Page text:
Hunt, Lawrence Hunt to discuss travel narratives with Brown Bag

HUNT

HUNT

A woman treks across the United States to win a bet and save her family, and a man covers the expanse of the South and changes the way the nation thinks about environmentalism.

Husband and wife Jim Hunt and Linda Lawrence Hunt will reach into the ashes of the past to compare and contrast these two tales of adventure with their Brown Bag, “Two Travel Narratives: One Famous, One Burned.”

The Hunts, who serve as the joint prose writers-in-residence for Week Seven, will discuss the stories of Helga Estby and John Muir at 12:15 p.m. today on the front porch of the Literary Arts Center at Alumni Hall.

Hunt and Lawrence Hunt have become experts on these two travel narratives through their own writing careers. Hunt is the author of Restless Fires: John Muir’s Thousand-Mile Walk to the Gulf in 1867-68, and Lawrence Hunt is the author of Bold Spirit: Helga Estby’s Forgotten Walk across Victorian America.

Lawrence Hunt said that their Brown Bag will focus on the idea of adventure and how it differed for men and women at the turn of the century, which is something that Estby and Muir’s narratives illuminate.

“There’s so much depth to both of these stories,” Hunt said. “Basically, we’ll just introduce them to these two powerful stories, and how they shaped one man and one woman’s life.”

Lawrence Hunt said that she and Hunt hope to divide their time equally so they can discuss both Estby and Muir.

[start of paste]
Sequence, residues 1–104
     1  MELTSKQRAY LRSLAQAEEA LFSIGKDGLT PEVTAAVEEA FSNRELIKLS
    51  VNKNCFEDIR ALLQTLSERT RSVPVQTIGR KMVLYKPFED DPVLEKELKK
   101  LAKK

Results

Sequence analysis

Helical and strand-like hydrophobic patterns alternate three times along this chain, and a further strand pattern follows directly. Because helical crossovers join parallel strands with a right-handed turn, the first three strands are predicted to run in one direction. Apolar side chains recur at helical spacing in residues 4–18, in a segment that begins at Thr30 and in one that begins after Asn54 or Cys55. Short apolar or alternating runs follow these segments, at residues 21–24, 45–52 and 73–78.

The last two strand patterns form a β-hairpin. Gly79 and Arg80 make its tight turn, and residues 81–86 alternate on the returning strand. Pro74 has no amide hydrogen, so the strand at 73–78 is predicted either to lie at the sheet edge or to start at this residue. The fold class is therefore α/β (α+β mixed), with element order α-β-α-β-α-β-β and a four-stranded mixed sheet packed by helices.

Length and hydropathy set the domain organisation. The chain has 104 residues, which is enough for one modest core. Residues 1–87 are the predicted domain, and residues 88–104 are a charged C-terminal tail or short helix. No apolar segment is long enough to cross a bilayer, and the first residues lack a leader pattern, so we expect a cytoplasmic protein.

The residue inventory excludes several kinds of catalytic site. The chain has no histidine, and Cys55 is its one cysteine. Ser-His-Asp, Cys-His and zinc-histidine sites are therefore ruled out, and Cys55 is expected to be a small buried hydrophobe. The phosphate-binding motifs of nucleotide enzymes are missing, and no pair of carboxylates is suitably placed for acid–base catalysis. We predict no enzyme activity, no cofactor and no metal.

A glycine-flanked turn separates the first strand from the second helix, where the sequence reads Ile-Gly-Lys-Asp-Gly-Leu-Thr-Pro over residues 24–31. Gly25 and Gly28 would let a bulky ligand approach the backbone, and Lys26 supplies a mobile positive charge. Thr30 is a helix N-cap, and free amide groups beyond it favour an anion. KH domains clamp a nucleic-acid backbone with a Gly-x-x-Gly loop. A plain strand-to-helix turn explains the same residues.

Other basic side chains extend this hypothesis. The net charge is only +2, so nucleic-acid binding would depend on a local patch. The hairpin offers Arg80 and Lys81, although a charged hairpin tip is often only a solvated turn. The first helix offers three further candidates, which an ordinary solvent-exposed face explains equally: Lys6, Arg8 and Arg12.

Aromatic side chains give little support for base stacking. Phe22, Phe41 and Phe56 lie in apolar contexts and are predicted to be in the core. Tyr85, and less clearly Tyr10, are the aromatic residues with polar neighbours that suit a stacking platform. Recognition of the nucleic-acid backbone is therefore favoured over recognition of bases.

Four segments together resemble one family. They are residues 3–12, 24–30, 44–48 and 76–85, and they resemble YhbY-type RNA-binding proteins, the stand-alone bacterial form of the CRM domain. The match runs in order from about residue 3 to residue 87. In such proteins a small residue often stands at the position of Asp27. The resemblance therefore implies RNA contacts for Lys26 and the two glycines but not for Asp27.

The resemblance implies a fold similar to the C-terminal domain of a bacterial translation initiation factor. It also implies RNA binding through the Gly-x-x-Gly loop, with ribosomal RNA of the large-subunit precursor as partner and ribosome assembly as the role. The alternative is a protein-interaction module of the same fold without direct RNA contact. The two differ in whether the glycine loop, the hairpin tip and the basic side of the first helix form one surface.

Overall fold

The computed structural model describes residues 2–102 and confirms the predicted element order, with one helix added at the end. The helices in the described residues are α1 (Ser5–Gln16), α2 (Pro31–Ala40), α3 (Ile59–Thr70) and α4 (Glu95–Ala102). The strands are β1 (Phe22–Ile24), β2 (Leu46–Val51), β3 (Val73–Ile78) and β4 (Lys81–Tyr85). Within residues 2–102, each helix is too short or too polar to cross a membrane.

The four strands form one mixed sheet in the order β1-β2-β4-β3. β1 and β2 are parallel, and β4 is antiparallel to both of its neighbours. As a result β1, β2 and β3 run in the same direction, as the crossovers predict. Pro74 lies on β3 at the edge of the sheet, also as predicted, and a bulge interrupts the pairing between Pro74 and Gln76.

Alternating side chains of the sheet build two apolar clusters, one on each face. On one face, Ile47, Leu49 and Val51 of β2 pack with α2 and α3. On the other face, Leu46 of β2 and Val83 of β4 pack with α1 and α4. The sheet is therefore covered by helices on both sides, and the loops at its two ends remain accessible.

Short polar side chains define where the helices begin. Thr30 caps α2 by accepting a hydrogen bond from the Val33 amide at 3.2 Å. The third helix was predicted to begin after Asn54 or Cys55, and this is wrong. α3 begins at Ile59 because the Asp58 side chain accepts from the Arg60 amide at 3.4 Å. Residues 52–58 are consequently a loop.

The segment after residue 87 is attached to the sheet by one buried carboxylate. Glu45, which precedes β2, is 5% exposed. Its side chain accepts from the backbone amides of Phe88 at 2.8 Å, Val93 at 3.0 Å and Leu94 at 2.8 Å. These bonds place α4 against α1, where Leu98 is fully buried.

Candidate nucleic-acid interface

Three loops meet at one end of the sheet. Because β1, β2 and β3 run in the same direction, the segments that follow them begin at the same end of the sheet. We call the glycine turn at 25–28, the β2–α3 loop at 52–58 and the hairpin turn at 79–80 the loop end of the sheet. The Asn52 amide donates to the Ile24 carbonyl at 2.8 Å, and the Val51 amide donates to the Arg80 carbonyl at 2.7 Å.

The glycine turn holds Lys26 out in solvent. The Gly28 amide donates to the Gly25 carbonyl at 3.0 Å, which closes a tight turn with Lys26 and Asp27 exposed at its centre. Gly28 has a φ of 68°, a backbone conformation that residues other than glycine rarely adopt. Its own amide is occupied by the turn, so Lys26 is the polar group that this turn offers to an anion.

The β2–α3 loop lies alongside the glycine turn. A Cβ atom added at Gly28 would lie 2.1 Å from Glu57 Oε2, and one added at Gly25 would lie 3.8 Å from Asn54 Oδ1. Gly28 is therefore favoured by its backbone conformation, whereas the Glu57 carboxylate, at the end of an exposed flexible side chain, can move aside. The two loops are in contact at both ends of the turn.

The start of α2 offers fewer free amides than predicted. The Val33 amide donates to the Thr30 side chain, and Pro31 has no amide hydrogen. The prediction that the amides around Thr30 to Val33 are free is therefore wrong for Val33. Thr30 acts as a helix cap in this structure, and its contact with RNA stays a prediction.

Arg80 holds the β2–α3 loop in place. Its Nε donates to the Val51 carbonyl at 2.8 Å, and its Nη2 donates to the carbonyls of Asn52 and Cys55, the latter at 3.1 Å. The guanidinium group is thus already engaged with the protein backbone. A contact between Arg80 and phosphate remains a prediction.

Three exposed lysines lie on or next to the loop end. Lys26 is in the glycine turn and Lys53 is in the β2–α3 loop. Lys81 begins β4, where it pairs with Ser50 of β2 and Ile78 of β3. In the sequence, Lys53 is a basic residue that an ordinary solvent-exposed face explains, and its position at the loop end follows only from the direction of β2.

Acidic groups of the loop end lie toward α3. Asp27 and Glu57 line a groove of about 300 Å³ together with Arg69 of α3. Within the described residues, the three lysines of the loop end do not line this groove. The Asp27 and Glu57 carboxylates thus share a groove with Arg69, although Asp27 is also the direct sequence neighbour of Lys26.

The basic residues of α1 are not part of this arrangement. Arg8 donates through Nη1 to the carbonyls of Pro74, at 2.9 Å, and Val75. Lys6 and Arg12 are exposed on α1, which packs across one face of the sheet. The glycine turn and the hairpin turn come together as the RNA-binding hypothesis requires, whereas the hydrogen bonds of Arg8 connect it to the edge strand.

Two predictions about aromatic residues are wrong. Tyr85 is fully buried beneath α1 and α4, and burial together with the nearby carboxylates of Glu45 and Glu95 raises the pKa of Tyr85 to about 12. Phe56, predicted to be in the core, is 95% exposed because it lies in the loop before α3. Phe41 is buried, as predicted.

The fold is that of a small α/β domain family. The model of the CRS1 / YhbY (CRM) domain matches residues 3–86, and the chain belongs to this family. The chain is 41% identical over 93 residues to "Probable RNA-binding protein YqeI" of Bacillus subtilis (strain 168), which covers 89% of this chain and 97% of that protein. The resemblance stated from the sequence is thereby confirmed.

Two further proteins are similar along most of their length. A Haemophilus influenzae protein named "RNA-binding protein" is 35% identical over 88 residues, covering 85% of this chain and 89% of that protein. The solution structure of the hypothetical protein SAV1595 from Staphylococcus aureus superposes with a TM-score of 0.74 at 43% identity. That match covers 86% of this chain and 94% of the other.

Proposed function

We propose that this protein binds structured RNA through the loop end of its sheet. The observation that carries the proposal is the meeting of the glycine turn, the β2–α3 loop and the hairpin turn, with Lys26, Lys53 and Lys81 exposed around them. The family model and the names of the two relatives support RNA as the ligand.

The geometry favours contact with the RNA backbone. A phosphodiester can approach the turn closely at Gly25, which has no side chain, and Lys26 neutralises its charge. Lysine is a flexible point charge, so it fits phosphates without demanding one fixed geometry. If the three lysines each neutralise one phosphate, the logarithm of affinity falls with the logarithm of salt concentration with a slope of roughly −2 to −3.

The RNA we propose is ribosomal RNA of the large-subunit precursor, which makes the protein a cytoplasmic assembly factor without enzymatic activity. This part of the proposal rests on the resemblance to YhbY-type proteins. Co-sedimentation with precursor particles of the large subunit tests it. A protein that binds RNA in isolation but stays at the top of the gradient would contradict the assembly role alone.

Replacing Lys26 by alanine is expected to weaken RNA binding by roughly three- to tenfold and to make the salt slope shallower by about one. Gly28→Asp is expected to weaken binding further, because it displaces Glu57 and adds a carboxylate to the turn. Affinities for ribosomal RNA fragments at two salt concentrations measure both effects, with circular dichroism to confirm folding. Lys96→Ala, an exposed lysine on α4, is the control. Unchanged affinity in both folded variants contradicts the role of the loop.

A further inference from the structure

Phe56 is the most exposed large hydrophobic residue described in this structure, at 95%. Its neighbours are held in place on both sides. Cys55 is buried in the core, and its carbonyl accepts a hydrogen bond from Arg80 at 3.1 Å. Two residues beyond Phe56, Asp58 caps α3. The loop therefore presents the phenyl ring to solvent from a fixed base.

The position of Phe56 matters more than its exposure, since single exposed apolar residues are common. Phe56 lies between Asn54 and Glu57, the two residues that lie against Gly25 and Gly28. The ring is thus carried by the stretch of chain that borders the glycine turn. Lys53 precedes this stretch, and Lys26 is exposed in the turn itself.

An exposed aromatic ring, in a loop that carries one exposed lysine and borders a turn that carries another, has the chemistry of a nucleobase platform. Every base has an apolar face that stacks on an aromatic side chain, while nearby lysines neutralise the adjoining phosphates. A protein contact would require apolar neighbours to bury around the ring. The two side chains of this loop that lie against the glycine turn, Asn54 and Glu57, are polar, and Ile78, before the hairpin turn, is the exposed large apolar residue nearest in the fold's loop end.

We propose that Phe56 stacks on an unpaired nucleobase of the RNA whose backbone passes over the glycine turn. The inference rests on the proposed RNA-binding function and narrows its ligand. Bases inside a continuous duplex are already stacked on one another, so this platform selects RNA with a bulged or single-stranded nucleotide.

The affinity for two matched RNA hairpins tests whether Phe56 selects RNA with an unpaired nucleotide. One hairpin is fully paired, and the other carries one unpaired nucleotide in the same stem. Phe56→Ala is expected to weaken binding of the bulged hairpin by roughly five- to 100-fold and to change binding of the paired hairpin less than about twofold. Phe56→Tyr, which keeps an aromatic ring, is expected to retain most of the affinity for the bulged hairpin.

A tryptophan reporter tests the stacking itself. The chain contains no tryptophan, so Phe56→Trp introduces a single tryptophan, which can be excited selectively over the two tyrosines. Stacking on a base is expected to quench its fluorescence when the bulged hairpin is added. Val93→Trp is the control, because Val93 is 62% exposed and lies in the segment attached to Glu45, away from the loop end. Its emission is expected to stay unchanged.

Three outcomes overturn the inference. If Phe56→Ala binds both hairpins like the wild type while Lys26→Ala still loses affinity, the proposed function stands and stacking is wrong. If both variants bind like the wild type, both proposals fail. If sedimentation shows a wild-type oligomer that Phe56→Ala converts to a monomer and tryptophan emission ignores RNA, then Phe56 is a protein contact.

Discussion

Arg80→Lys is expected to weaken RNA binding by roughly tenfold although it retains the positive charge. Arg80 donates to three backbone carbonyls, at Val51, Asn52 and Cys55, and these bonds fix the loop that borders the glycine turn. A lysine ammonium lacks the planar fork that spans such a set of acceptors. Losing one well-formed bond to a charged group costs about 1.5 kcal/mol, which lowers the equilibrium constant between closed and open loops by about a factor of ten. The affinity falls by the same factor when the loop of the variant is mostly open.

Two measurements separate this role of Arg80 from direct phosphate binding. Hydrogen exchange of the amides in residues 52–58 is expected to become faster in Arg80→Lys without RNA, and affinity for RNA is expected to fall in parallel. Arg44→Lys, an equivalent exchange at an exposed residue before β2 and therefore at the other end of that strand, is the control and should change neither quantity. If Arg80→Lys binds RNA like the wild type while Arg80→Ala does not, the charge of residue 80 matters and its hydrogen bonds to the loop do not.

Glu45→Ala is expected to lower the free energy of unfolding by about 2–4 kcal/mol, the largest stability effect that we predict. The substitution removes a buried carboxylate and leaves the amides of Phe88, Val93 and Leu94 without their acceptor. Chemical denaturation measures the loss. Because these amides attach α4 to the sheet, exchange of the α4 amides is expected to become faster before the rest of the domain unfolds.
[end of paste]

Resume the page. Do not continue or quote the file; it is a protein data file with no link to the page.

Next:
LAWRENCE HUNT

LAWRENCE HUNT

Hunt will discuss John Muir, a naturalist and advocate for wilderness preservation. Hunt’s research focuses on Muir’s journey from Indiana to Florida, which Muir wrote about in his book A Thousand-Mile Walk to the Gulf.

Lawrence Hunt said that Muir’s journey helped establish the “formation of a whole new environmental ethic.” She said that this new ethic changed the way that people thought about travel, because it made them realize how interconnected the environment is.

“Muir’s famous quote is that everything is stitched together,” Lawrence Hunt said.

This mindset is what helped shape the founding of the United States’ national parks, Lawrence Hunt said.

Lawrence Hunt said
Estby’s story is fascinating because it was so unconventional for the time period.

Estby and her daughter, Clara, set out on a journey across the United States on a wager to save her family’s farm. The two went unescorted, which was considered out of the question at the time. Lawrence Hunt said she hopes people will understand the bravery it took for Estby to do what she did.

“I would want them to take away a respect for the courage of women who choose to become actors in the destiny of their lives,” Lawrence Hunt said. “Culture told her that she could not do this. And she had a commitment and determination that was huge to try and save her family farm. But she had to go against the culture, because women are told not to do that.”

Lawrence Hunt thinks that Estby’s story is important for all to hear, because it ultimately comes down to knowing and acting on one’s convictions.

“We need to hear what’s important to us — and not just what culture says,” Lawrence Hunt said. “We need to act with courage on our convictions.”